With your help the people of West Africa have "a chance, not only to change their own lives and their own destinies, but to change the future of an entire generation".

Monday, April 18, 2011

Talking till the cows come home...

Submitted by Mathew Porter
With the trouble and confusion we have been having at the Fulani camp over NHIS cards, Nurse Lydia suggested that we do a session with everybody so that we can all be clear on what is needed - the National Health Insurance Scheme (NHIS) is a system to get healthcare for most common sicknesses and pregnant women, and children, elderly etc.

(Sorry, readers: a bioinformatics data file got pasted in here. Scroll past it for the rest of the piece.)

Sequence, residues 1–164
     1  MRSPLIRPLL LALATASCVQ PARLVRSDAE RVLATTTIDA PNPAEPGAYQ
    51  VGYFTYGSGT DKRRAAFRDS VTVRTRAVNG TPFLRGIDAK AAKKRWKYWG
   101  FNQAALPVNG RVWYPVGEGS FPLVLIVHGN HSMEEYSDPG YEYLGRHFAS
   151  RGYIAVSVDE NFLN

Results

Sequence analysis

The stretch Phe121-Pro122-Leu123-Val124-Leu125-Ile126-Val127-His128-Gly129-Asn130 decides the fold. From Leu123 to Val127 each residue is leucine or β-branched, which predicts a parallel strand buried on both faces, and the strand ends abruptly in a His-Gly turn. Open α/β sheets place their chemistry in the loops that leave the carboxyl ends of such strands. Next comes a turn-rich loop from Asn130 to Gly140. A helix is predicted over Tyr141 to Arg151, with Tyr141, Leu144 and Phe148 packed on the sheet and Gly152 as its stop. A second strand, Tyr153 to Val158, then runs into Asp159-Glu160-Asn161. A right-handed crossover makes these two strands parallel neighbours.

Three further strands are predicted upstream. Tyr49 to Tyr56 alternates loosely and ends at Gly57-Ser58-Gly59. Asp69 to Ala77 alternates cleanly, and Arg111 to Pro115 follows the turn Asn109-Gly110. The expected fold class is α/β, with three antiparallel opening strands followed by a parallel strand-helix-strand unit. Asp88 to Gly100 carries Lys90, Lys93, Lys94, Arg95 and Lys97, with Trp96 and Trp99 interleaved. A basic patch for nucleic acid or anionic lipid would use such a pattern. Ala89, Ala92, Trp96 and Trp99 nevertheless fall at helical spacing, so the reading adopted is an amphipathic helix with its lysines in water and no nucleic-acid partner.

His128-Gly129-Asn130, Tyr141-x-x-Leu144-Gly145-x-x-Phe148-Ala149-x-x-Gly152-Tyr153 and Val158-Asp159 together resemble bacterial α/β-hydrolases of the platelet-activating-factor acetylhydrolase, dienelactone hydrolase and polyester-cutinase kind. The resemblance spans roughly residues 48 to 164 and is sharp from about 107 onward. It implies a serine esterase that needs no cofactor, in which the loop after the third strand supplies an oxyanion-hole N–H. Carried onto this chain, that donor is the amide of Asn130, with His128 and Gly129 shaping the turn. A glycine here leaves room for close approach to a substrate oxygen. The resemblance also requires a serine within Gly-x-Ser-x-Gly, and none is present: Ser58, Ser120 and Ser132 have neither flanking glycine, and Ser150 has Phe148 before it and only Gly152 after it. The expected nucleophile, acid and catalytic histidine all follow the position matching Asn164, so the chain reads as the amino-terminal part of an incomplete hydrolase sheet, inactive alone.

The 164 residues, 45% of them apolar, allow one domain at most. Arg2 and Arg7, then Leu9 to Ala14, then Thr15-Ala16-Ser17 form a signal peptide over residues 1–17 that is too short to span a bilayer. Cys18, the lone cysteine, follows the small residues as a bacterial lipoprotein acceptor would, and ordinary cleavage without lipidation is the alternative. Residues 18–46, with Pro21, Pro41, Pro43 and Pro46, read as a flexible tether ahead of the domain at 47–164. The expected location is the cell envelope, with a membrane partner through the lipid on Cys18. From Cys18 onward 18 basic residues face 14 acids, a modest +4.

To be eligible, one has to either be paying SSNIT - Social Security and National Insurance Trust - or pay membership fees. There are national and local levels and cards... It sounds simple enough, but you have to go and get cards sorted out, and renew them. This is very difficult for non-literate people. Also, the fees they have to pay seem to change a lot...
We invited the ladies and the men to come and listen to what Lydia had to say.
The turn out was pretty good. I think we had all the women with children there. After getting talking for a while, Lydia asked them if they all had NHIS cards. Saying they did, Lydia sent them all back to their houses to get them. We looked through them to see who was in date and who wasn't.